This is in keeping with earlier promise to post more articles. One of things that has contributed to my “burn-out” as an attorney is the escalation in the number of frivolous (or at least what I consider to be frivolous) lawsuits. They’re the ones filed by people (their lawyers, actually, who I think serve their own ends by talking their clients into filing these things) to gain advantage in a business situation. Rather than negotiate fairly, rather than accept what should otherwise shake out from arm’s length bargaining, they sue you (well, your client). Of course, there are those lawyers who accept this with glee. When I accuse another attorney of just using litigation as harassment to gain some advantage despite the lack of real merit, I often hear the retort, “What are you complaining about? You’ll make lots of fees off this.” Well, sorry, but I haven’t yet adopted the lawyering business model whose mission statement is something like, “Do whatever it takes to soak the most fees from the client.”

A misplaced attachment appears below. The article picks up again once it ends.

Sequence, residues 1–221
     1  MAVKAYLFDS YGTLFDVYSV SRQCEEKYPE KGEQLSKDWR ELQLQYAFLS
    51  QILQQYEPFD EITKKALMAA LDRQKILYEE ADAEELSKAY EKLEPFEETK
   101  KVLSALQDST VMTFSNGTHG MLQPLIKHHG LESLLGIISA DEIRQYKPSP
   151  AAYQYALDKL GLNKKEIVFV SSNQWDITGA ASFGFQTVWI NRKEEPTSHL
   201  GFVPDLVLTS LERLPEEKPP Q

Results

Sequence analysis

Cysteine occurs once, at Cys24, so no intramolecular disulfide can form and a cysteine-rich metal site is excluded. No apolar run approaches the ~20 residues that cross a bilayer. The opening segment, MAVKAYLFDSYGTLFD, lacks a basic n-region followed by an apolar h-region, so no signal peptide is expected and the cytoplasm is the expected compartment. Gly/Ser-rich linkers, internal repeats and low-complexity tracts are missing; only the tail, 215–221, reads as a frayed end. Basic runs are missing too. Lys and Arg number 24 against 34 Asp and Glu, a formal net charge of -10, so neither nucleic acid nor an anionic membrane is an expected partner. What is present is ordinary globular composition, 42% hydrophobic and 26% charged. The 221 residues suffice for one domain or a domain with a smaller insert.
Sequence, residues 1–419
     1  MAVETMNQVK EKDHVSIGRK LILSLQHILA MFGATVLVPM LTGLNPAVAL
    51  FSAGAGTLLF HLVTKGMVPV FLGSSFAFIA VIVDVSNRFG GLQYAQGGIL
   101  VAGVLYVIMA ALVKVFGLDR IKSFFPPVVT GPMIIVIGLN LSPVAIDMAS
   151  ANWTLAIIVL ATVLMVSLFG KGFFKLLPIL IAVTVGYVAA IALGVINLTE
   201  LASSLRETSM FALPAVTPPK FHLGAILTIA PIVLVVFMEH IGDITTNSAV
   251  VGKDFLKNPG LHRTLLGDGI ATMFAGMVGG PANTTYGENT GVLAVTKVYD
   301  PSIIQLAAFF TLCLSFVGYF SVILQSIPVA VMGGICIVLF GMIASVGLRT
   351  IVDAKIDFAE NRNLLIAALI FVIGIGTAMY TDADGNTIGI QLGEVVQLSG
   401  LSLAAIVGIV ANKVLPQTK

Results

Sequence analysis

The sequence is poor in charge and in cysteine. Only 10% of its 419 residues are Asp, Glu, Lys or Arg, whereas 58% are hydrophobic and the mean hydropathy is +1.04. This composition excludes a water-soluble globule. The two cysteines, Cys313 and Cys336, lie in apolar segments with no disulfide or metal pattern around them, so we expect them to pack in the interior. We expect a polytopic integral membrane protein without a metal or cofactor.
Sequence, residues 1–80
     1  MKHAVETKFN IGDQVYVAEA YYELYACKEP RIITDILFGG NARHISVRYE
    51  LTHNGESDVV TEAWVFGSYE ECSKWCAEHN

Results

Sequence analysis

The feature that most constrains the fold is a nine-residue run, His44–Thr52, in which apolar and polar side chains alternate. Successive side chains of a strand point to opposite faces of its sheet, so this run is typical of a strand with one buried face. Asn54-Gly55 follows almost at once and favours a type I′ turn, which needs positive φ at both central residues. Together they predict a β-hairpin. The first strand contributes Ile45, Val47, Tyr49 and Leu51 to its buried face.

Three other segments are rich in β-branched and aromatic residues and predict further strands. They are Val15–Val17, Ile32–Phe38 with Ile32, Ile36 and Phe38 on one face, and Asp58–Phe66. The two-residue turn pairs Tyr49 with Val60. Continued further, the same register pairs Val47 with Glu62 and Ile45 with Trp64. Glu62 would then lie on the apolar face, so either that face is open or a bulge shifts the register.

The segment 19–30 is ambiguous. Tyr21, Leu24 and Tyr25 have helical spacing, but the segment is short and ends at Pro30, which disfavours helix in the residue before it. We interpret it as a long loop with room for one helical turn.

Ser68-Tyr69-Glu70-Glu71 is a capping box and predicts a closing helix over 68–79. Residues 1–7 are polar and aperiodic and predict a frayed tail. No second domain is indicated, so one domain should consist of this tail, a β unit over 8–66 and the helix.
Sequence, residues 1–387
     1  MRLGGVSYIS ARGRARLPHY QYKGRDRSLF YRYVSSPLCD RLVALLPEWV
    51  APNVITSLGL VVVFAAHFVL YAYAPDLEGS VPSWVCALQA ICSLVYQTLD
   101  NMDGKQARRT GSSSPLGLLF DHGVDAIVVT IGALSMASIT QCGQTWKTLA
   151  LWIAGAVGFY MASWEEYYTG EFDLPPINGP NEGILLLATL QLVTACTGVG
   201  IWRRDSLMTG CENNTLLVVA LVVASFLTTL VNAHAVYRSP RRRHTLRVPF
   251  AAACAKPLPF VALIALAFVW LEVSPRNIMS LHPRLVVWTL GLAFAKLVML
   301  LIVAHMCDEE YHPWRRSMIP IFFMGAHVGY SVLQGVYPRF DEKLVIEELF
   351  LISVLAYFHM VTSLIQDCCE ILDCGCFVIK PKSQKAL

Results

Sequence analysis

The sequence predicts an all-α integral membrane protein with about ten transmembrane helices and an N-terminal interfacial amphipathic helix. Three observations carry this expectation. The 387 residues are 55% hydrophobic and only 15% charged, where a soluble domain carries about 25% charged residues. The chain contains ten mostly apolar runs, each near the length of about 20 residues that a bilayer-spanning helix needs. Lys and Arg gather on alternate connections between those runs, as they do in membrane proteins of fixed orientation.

So, it was with some measure of glee and satisfaction that I read about the recent ruling in one of the lawsuits against Google. While this doesn’t pertain to oil and gas, it exemplifies the sort of litigation I’m seeing way too often in oil and gas litigation (frivolous), and the kind of judicial attitude (willingness to impose sanctions) I’m seeing way to little of. For lack of better links, I’m going to refer you to this article in Eric Goldman’s Technology and Marketing Law Blog. I’ve borrowed his links to pdf files of the opinion dismissing the suit and the opinion granting sanctions, which I admittedly have yet to read. I hope the actual opinions are as good as the reporting makes them out to be.
In my experience, getting a judge to impose sanctions is like pulling hen’s teeth. I always hear, “Well, counsel, their position was a bit of a stretch but I can’t say it was completely and totally without an arguable issue; ergo, can’t rule it was frivolous so your request for attorney fees is denied.”